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Chapter XIV.—Of the information given by Maximus the tyrant to Valentinianus.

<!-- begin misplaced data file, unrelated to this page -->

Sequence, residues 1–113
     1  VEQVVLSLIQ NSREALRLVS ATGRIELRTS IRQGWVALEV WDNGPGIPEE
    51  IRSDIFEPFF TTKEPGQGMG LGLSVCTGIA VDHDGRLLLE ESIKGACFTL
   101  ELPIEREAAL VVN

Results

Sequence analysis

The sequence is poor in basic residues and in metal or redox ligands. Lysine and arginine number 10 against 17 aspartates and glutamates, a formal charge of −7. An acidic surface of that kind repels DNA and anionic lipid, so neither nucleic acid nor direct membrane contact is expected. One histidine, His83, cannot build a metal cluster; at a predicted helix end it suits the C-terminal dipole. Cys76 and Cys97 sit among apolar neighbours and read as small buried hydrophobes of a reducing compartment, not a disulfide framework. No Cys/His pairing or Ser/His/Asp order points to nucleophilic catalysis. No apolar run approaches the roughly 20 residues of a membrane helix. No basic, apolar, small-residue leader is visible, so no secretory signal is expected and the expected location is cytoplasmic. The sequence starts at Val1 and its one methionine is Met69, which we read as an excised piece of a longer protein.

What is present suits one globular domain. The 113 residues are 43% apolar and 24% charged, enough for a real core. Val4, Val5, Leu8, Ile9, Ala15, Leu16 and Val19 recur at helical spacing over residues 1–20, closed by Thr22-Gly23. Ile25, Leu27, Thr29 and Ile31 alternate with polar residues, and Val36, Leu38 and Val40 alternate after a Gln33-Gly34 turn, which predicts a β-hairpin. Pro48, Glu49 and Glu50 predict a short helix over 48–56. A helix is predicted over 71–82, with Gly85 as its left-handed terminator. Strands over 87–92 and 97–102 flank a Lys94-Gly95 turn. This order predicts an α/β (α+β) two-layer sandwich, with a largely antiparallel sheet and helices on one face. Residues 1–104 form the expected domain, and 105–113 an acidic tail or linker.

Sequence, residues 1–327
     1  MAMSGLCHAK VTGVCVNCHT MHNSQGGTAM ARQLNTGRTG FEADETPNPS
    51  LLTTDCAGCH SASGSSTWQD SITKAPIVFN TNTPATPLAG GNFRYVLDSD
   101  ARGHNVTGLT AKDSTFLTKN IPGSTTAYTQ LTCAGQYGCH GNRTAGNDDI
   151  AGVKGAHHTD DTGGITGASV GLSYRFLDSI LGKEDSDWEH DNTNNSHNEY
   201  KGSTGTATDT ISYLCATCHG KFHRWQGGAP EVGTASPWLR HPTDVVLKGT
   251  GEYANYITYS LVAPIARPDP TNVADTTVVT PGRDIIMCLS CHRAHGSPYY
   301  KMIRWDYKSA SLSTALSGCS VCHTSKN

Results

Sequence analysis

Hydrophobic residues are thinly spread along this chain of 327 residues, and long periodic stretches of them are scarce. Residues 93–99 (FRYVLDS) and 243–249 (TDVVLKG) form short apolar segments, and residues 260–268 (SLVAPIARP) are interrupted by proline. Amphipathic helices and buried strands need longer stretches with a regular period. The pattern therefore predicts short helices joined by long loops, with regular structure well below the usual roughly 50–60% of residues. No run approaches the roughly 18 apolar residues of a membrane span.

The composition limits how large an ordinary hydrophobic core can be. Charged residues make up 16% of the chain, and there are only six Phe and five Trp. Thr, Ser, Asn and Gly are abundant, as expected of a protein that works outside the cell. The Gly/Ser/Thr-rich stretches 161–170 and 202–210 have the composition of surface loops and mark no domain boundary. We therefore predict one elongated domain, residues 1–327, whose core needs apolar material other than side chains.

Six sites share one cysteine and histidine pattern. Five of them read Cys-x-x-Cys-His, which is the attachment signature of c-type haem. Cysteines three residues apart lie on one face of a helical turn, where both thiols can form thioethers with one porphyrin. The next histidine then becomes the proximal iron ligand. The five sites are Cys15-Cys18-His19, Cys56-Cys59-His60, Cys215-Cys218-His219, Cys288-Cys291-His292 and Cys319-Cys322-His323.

After a considerable time Maximus866866    After Easter, 387. was informed of the attacks which were being made upon the loud-voiced herald of the truth, and he sent dispatches to Valentinianus charging him to put a stop to his war against true religion and exhorting him not to abandon his father’s faith. In the event of his advice being disregarded he further threatened war, and confirmed what he wrote by what he did,867867    The motives here stated seem to have had little to do with the march of Maximus over the Alps. Indeed so far from enthusiasm for Ambrose and the Ambrosian view of the faith being conspicuous in the invader, he had received the bishop at Treves as envoy from Valentinian, had refused to be diverted from his purpose, and had moreover taken offence at the objection of Ambrose to communicate with the bishops who had been concerned in the first capital punishment of a heretic—i.e. Priscillian. for he mustered his forces and marched for Milan where Valentinianus was then residing. When the latter heard of his approach he fled into Illyri142cum.868868    Valentinian and his mother fled to Thessalonica. He had learnt by experience what good he had got by following his mother’s advice.


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